LETTER | In early May when the conditional movement control order (MCO) was introduced, Selangor launched SELangkah, an application based on location QR scanning to aid the state health department in contact tracing should new Covid-19 infections be detected. Selangor has the highest number of infections in the country.
In June, the federal goverment introduced the MySejahtera QR code similar to the SELangkah in Selangor.
Prior to that, we had Putrajaya introduce the MyTrace contact tracing application which adopted Bluetooth technology.
The reality on the ground is that some companies use their own application. We also see many more offer handwritten options if no smartphone is available.
I recall during the early days of the MCO, there was another application called Gerak Malaysia, apparently to monitor interstate travel.
There seems to be a lot of applications collecting lots of personal data - at least in Selangor. On the surface, Malaysia seems like a country with a vibrant applications development environment. On the other hand, many questions still arise. I hope the government will take application development seriously as we try to contain the Covid-19 pandemic.
Apps' effectiveness and robustness
With so many applications and data collected, how effective are these applications? How are such data collection integrated to provide effective implementation of contact tracing? Has sufficient and rigorous scenario testing been conducted to ensure that the systems work well?
The physical backend operational process of contact tracing should be integrated to ensure one smooth and continuous process with potential gaps worked out. While we are managing the situation well with borders closed, the concern is that when the borders reopen, and things go back to some normalcy, can we ensure the same level of comfort as we have right now?
Security of systems
We understand that many of these applications have to be developed quickly. While speed is of the essence, data security cannot be compromised.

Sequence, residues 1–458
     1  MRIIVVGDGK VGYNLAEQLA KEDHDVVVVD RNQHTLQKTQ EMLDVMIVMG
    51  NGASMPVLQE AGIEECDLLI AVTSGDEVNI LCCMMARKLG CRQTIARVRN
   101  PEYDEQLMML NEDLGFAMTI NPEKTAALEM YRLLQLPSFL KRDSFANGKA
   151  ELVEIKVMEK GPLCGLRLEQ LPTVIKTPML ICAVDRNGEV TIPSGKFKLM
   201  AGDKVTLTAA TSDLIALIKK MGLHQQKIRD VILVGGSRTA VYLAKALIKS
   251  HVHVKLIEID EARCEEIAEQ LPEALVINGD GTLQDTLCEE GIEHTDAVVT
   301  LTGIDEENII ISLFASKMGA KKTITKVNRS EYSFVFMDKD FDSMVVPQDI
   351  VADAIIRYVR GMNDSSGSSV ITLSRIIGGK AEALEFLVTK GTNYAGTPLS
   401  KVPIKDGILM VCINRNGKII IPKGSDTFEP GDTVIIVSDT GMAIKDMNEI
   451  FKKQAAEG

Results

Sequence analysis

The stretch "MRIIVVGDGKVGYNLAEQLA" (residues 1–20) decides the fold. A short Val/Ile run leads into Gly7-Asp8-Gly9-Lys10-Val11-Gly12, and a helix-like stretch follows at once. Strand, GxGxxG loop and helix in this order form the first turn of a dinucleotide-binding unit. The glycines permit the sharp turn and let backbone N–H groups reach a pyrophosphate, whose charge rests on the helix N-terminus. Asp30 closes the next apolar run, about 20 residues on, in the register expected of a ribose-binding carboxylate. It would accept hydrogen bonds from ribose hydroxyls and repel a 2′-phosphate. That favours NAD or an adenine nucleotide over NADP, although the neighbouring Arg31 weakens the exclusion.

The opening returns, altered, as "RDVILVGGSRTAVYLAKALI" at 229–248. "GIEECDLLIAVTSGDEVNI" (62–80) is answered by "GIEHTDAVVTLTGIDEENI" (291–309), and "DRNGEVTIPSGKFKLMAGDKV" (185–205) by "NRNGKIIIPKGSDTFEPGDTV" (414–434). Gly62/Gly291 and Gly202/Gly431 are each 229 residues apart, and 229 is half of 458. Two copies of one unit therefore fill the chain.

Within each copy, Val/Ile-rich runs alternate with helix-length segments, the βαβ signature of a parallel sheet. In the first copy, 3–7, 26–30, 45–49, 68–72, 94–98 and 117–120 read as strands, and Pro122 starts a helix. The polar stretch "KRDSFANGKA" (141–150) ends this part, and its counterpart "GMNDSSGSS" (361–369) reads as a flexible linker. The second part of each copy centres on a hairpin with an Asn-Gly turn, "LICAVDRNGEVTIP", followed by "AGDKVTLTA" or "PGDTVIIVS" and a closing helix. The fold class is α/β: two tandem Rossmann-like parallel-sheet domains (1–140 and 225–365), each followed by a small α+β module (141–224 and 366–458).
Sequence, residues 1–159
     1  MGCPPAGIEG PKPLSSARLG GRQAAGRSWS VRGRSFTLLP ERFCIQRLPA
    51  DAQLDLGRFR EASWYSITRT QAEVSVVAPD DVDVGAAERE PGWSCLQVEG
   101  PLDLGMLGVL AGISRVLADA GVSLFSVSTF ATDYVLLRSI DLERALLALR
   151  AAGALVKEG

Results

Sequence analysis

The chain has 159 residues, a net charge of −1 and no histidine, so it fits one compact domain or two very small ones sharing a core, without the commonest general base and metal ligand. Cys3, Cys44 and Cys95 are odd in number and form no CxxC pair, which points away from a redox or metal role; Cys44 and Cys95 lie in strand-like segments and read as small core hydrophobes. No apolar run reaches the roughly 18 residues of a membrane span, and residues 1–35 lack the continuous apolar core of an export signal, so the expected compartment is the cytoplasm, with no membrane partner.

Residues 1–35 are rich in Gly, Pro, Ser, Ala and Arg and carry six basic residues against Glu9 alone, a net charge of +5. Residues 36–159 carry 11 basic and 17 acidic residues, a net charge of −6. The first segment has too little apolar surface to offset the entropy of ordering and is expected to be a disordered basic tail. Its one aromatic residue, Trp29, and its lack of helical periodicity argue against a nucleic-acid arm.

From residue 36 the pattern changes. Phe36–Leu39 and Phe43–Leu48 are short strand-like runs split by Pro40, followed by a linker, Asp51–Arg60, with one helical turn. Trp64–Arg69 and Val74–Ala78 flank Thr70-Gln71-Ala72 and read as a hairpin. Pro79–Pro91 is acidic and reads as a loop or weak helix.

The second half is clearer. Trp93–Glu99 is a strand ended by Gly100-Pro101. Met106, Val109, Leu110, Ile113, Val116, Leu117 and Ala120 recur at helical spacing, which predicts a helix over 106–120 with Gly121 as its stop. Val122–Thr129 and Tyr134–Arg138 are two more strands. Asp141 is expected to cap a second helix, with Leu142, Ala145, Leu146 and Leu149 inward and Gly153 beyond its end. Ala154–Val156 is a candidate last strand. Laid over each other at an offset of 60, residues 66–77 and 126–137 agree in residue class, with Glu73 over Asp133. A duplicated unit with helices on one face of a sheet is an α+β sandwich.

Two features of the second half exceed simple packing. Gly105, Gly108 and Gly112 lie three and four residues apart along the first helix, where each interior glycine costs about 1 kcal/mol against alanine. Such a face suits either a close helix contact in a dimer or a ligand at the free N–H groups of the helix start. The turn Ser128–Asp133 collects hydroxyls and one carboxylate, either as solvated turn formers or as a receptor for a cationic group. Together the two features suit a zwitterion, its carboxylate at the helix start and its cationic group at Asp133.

Are the systems strong enough and not subject to external hacking and intrusion? Are there safeguards in place to address these potential challenges?
Privacy of data
How is our data managed? In situations like this where a large amount of personal information is collected, what’s the process and mechanism for data privacy especially when our data has to be shared and integrated with other applications across different agencies and organisations.
For companies who do not use any of the government applications, are there policies over collecting personal data to allow them to do it and how will our personal data be maintained?
It is not enough to make statements to say how personal data will be kept and when it will be destroyed. Agencies' response needs to be able to demonstrate it. Perhaps this is the right time to put together a data governance oversight committee to monitor and enforce policies in line with our Personal Data Protection Act.
Transparency and accountability
Agencies and organisations need to share more to help us understand how things work. Contact tracing is not a black box, we must work together.
I believe people, as the ultimate owner of the data provided, have a right to know.
More importantly, this will give users the confidence that processes and critical items are carefully thought through. This gives the opportunity for feedback from the people as well.
This openness will also demonstrate that the government and the people are working together to contain this pandemic.